Genital warts: no one wants to think about them. The Human Papilloma Virus (HPV) that causes them though, is the most common cause of cervical cancer.
It can all start out with some simple bumps and in rare cases, it escalates from there.
Thankfully, most people remain safe even if they contract the warts from a sexual partner. In addition, science has developed a vaccine to fight against HPV and so the chances of developing cancer from the virus are now much lower.
But questions remain. Back in 2006 the first inoculation to guard against HPV, called Gardasil, was approved by the Food and Drug Administration (FDA).
Since this time, youth between the ages of 9 and 26 years old have been given the vaccine but until recently, researchers still weren’t sure just how effective it was, and whether giving it to children as young as 9 was too early.
Would these patients have to be vaccinated again at some point, as their immunity wore off with time?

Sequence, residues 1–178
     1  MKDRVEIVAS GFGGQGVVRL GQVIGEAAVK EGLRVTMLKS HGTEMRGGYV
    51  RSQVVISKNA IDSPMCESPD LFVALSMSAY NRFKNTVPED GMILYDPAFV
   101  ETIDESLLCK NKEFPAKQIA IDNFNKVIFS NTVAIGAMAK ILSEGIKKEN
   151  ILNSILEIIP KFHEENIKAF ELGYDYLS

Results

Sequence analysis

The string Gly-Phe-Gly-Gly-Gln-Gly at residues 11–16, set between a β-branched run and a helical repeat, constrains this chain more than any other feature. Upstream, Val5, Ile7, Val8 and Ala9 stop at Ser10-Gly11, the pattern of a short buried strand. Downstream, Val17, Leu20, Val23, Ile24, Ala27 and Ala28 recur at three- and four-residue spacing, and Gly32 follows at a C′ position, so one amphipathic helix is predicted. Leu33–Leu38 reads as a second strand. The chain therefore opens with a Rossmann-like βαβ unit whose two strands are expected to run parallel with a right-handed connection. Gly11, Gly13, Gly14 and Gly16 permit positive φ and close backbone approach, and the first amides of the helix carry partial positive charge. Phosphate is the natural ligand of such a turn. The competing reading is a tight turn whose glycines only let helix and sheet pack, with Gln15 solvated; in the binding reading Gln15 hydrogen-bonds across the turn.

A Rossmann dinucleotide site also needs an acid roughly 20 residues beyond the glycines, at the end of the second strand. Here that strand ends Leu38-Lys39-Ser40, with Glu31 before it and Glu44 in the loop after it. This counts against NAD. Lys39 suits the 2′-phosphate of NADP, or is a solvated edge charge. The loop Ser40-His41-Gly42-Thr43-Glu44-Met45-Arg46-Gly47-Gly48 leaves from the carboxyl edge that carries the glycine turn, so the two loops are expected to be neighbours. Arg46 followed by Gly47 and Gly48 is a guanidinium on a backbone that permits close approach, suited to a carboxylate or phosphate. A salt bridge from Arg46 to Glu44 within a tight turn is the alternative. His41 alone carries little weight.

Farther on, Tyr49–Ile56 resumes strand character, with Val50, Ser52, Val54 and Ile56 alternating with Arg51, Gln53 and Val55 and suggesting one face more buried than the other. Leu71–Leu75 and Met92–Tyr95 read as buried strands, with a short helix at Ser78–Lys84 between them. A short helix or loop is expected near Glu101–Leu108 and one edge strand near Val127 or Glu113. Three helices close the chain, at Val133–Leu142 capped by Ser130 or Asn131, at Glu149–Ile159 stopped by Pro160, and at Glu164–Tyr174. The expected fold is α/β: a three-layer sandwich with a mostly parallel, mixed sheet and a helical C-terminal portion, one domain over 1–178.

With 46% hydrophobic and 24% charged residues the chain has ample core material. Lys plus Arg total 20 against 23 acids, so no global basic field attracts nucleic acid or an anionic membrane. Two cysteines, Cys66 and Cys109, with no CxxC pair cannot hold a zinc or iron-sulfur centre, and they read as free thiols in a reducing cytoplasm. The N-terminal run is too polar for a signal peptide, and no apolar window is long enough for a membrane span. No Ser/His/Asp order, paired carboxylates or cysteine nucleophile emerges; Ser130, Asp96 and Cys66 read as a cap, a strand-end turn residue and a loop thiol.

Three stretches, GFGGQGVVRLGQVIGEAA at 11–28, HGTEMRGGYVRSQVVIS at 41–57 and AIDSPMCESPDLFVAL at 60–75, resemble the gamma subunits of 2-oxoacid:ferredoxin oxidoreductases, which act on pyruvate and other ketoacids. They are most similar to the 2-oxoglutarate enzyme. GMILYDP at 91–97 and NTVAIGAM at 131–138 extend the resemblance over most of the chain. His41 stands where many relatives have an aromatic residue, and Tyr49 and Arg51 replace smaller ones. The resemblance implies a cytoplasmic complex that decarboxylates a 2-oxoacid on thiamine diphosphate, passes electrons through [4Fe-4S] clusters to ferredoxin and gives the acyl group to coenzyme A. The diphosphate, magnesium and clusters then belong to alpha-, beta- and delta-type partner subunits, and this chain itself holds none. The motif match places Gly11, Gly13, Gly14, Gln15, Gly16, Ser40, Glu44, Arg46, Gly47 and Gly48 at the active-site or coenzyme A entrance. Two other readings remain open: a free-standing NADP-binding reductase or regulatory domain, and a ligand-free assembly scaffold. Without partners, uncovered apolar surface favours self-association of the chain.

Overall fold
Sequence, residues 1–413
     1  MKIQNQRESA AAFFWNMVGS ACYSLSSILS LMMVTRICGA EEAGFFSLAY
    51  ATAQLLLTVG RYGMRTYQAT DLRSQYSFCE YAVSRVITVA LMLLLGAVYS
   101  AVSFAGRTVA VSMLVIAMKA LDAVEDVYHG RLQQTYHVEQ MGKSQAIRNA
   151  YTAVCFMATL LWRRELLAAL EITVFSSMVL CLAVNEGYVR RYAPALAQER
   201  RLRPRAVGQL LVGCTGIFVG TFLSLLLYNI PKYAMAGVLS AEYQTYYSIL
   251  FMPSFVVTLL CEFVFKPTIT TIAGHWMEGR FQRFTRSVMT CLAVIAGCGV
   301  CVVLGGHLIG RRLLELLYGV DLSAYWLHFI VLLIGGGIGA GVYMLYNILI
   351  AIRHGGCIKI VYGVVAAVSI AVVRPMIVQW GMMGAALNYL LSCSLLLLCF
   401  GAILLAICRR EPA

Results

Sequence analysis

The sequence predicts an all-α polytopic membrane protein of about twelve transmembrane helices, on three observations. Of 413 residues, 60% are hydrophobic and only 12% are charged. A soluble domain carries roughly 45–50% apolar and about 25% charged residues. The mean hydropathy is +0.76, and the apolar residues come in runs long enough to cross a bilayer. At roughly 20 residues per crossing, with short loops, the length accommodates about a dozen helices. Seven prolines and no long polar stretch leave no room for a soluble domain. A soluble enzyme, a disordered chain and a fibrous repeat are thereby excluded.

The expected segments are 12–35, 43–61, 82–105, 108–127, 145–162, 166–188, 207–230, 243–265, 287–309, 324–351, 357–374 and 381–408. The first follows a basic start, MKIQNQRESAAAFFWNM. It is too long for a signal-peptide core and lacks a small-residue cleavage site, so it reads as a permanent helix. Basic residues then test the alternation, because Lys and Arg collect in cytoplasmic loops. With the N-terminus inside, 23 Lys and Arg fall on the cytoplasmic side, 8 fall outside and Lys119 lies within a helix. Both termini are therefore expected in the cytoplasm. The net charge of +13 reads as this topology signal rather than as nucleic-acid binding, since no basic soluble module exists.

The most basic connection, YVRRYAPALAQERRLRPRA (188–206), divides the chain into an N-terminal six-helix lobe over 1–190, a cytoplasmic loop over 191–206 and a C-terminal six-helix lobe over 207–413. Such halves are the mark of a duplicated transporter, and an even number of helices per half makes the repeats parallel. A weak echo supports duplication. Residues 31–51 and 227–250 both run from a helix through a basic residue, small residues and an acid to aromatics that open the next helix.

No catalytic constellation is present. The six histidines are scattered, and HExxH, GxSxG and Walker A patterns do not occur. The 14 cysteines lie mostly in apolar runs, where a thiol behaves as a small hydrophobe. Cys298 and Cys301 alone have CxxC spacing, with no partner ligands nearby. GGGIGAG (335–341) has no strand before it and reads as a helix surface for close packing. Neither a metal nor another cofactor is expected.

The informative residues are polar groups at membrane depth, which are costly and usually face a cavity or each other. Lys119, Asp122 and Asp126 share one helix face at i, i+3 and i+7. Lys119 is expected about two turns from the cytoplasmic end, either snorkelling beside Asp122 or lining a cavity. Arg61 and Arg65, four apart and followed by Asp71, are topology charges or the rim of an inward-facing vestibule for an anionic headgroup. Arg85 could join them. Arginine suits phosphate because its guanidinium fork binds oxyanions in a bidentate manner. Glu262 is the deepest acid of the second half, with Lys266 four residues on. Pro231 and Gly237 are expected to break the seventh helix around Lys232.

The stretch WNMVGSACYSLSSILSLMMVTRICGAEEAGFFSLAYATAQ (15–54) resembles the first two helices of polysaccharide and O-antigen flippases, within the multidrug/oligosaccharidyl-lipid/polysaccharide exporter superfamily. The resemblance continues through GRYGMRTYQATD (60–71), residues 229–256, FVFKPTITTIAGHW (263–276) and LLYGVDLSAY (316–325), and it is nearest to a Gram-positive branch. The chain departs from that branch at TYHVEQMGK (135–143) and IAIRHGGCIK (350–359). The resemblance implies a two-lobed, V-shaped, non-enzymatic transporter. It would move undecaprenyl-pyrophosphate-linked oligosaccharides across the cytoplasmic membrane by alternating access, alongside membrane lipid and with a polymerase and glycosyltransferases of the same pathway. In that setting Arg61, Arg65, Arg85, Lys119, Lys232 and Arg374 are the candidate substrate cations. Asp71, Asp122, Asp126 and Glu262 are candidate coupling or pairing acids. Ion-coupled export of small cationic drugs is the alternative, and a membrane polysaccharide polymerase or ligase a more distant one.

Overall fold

A new study published in the journal Pediatrics has shown this isn’t the case.
“The vaccine was virtually 100 percent effective in preventing disease in these young individuals,” says Dr. Daron G. Ferris, professor in the Department of Obstetrics and Gynecology at the Medical College of Georgia and at the Georgia Cancer Center at Augusta University.
The study was the longest follow up to date on the vaccine and showed that just one jab is enough to provide protection for a lifetime.
Half of all sexually transmitted diseases occur in people age 15-24, and while experts say that almost two-thirds of those who become infected with HPV can eventually rid their system of the virus, for some it can hang on.
When it does, HPV can cause health problems down the line, including both cancerous and non-cancerous growths in the cervix and respiratory tract of patients.
According to the CDC, HPV is so common that almost all sexually active men and women contract the virus at some point in life. Talk to you doctor to determine if getting the vaccine is right for you.
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